Thursday, October 15, 2009

It's About Time!

I love the magazine Glamour...and last month, many of you may have seen it, a photo of Lizzie Miller, a plus-sized model (said to be a size 12) was shown on page 194...a 3"x3" photo that has left the fashion world gabbing...and thankfully most reactions have been positive.
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I remember first seeing this photo, and I said to DH, "Look at her, how awesome...and see, she even has a belly like mine" A little loose and hangy...mine from carrying 2 large babies and delivering them by c-sections. What a beautiful photo - of a beautiful woman.

After readers came across this photo, Glamour was hit with thousands of e-mails "They were filled with such joy–joy at seeing a woman’s body with all the curves and quirks and rolls found in nature. (Raising a question: With all the six-packs out there, do you even know what a normal belly looks like anymore–other than the one you see in the mirror?)"

And really, how many of us have been that girl? I know I have, flipping through magazines trying to find just one person who looked a little bit like me. And when I don't find it I start to think there’s something wrong with the way that I look. For decades, magazines have featured models who are sizes 0 or 2...which in turn makes the average young girl / woman look at their own bodies with disgust, hatred and envy...to be as beautiful as the models shown in fashion magazines.

When I picked up the new issue of Glamour last night I was so happy...inside was something that I have never seen in a magazine before. After all of the positive reaction of Lizzie's picture, Glamour has been making the effort to push the boundaries of accepted beauty norms this month with a photo shoot featuring all plus-sized models...in the nude!!!!!
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BEAUTIFUL!!!!


It's about time we see women who look more like the average woman, And Glamour has vowed to push forward by sending this message to young women especially those who are reading their magazine :
There are a million different ways to be beautiful. You don't have to be born pin thin. Whether you're voluptuous or lean, however you're made is the right way for you.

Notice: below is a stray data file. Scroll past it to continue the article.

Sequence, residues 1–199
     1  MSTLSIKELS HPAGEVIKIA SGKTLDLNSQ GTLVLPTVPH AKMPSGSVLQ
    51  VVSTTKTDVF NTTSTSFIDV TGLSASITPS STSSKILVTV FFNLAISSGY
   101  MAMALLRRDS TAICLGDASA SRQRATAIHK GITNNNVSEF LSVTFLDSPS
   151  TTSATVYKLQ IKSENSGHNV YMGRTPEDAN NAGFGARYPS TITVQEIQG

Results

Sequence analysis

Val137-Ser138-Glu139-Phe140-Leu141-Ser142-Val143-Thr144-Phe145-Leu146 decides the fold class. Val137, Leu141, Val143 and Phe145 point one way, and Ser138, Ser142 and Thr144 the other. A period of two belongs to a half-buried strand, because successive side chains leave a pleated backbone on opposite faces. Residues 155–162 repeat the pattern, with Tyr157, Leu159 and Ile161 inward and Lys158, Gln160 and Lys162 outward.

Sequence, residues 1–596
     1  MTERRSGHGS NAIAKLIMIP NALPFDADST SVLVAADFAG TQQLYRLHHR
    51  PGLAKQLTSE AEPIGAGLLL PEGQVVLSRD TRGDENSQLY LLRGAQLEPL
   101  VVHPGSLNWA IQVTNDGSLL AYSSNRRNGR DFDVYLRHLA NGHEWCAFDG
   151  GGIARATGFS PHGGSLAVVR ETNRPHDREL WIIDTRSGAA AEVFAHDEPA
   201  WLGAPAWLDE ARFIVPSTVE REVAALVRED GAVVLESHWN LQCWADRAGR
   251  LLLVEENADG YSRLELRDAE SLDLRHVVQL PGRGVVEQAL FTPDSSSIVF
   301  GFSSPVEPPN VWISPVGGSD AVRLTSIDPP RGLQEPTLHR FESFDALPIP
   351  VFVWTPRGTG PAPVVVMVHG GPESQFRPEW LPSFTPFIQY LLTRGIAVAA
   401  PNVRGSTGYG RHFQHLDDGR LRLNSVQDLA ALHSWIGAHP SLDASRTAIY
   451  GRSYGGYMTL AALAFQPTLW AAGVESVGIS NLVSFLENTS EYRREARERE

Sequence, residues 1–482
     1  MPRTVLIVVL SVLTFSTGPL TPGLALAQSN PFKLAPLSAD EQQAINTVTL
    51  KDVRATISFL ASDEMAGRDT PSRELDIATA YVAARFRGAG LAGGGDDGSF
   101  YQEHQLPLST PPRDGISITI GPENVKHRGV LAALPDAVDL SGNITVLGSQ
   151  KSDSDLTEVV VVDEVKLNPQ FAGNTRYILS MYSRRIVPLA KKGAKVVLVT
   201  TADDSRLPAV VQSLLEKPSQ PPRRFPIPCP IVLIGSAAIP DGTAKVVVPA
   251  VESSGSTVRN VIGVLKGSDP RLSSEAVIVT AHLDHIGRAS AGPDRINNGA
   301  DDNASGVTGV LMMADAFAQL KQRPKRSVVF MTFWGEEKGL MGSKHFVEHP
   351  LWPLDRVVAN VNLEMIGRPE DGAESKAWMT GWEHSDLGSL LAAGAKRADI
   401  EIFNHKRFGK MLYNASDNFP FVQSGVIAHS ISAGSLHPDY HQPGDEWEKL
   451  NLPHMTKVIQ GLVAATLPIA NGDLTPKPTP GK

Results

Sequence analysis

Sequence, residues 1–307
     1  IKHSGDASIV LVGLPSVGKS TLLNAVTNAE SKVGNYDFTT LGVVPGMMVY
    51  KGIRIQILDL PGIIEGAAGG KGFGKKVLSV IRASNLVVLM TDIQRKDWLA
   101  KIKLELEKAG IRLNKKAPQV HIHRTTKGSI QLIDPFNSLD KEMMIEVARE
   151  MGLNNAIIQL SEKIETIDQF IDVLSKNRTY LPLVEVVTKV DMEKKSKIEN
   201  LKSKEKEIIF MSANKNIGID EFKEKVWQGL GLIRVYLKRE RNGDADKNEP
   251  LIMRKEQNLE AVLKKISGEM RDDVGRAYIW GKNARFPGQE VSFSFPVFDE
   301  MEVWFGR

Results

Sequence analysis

The simplest way to change the outlook on body confidence is to judge one another, and ourselves, less. Let’s start that change right now.


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2 comments:

  1. 14 years old, standing in the gym at my high school. Hearing the other girls beat themselves up about their bodies as 14 year old girls do. When two (the 2 most popular girls in my grade) mention how they hate how their stomachs fold over when they sit down. That they cant stand how they have 'rolls'. At that point my perception of what I looked like was massively, massively screwed up. At their comment I was filled with euphoria, for up until that exact moment I thought I was the only girl under 40 who had a stomach that rolled when I sat. I was ecstatic that these creatures who I though were perfect, had, in fact, bodies who did weird pouch things just like mine. Their stomachs didn't flex and their skin didn't retract to keep their tummies forever taught. They had skin that folded, JUST LIKE MINE. Did that realization keep me from having body issues that would latter lead me to fight obesity? No. I am still there, over weight and trying to love my body the way it deserves. But in that moment 15 years ago, I wondered if it just might be possible that I wasn't such a freak after all.

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  2. I've always been a fan of plus-size models! There's a great site with many images of plus-size models here:

    http://www.judgmentofparis.com/

    They're all gorgeous.

    The site's forum also has thought-provoking discussions about body image and the media.

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